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Sitting Well
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We are becoming a nation of sitters. In our advanced age of technology, more people are working at desk jobs and sitting for extended periods of time. Sitting with poor posture for hours actually has risks associated with back pain, obesity, and cardiovascular disease. Sitting poorly can also affect your mental health. Slouching doesn’t just hurt your back, it can impact your head.

There are basic tips for sitting well. The obvious one is to sit up straight. An erect posture (not ramrod tight, which is uncomfortable) means lifting your head toward the ceiling and holding your shoulder blades slightly back toward your chair. Your legs should be comfortably at a 90 degree angle with your feet flat on the floor. It might be necessary to put a pillow or small cushion behind your lower back for support.

If you work at a desk all day, take short breaks from sitting. Every 20 minutes or so get up and walk around. Do moderate stretching of your neck and back muscles. Some people stand at their desks when they get a phone call. (There are actually specialty desks and workstations built to work at while standing.) Moving your muscles, circulating your blood, and taking some deep breaths will both strengthen your body and clear your mind.

Helps Emotionally

Did you know that sitting up straight also can help you emotionally? Scott Wiltermuth, assistant professor of management organization at the USC Marshall School of Business discovered this in a research project:

The study, “It Hurts When I Do This (or You Do That)” published in the Journal of Experimental Social Psychology, found that by simply adopting more dominant poses, people feel more powerful, in control and able to tolerate more distress. Out of the individuals studied, those who used the most dominant posture were able to comfortably handle more pain than those assigned a more neutral or submissive stance.1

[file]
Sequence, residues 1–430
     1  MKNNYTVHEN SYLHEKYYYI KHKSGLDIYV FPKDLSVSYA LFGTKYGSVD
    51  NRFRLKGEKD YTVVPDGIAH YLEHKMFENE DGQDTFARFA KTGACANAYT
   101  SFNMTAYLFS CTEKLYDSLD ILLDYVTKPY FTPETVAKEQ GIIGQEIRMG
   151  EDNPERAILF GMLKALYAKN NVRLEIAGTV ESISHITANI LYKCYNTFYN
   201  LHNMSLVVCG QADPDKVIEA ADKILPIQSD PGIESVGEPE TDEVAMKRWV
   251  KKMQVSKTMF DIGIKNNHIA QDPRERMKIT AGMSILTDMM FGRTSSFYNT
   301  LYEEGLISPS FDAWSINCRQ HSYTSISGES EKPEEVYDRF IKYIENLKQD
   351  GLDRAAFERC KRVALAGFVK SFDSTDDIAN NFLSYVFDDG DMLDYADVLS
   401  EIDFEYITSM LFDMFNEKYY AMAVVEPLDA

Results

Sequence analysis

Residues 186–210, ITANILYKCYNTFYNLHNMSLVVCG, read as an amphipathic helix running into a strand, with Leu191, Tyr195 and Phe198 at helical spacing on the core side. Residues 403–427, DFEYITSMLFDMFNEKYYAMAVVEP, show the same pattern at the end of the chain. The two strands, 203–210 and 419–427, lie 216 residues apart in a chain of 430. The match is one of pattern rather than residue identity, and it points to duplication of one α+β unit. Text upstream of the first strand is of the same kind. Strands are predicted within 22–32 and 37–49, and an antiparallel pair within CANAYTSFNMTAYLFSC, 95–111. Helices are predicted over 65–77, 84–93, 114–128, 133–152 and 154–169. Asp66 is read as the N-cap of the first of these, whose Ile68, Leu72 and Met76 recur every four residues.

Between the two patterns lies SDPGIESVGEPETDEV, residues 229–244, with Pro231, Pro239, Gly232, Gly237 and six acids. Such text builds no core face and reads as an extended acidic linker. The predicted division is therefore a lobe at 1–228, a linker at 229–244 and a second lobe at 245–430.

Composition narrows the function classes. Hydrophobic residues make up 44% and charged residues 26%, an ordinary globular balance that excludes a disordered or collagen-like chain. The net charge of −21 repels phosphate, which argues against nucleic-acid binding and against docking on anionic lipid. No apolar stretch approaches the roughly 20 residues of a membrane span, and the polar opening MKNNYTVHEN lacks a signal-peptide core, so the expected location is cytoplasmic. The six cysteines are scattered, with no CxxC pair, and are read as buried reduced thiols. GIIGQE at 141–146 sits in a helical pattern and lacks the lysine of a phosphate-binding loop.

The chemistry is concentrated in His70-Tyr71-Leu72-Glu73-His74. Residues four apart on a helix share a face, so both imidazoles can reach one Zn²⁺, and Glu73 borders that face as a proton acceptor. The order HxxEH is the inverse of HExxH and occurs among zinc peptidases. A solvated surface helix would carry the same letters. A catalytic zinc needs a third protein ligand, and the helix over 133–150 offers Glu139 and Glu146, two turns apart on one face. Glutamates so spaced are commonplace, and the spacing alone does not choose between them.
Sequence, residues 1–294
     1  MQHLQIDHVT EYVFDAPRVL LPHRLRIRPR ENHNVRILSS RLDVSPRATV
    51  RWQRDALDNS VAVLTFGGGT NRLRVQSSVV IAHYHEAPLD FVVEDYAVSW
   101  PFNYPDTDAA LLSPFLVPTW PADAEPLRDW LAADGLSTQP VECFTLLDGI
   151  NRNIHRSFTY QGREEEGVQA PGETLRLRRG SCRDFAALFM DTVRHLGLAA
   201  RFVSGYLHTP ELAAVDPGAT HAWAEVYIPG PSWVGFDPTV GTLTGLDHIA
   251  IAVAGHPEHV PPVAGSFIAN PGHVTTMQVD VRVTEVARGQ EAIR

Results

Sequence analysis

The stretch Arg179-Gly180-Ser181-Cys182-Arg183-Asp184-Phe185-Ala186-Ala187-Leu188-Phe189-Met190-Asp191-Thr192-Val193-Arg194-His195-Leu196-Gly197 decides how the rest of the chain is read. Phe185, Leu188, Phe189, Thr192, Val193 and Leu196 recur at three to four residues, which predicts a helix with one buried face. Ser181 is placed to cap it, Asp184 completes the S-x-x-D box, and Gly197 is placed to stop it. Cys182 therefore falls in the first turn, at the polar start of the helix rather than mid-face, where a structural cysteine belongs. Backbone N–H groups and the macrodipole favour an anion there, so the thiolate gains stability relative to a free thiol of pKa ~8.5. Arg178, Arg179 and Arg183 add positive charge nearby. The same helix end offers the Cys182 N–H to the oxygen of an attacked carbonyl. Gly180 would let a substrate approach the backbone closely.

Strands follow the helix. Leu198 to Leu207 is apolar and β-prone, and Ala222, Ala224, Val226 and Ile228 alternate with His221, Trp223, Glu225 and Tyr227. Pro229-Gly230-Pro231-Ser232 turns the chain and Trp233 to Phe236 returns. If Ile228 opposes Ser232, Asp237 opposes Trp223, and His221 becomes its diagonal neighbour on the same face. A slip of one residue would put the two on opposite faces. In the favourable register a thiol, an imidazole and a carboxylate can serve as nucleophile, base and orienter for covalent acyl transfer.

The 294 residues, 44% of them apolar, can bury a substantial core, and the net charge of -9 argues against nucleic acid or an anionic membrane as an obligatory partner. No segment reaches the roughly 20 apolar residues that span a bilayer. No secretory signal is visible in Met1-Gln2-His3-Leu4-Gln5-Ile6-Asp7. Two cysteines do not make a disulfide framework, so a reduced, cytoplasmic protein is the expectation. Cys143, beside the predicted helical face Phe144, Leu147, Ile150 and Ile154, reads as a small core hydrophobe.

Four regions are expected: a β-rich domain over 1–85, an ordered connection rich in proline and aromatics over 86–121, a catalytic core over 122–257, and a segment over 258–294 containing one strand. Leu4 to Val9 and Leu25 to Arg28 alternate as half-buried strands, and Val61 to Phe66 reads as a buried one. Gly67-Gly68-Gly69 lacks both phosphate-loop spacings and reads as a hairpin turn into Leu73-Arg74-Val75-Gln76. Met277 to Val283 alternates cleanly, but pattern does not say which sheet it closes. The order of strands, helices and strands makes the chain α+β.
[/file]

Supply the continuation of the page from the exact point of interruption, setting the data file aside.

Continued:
Wiltermuth and his associates even found that when people slouch when talking with another person, they not only have a lower threshold for pain, but feel like they have less control over circumstances. Sitting or standing straight helps a person feel more in control and can even increase the level of testosterone in your body which helps one increase their pain tolerance and lower their stress.

Many people sit for up to 14 hours a day. That translates into about 36 years of our lives just sitting. (See Tim Hutchful, British Chiropractic Association.) With so much of our lives at desks in front of computers or on couches and chairs in front of television sets, we owe it to our bodies to sit up. It will help us not only feel better, but think better!

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By Curtis Rittenour. Copyright © 2013 by GraceNotes. All rights reserved. Use of this material is subject to usage guidelines.

1 http://www.medindia.net/news/Sitting-Erect-Pushing-Chest-Out-Can-Make-You-Stronger-87656-1.htm


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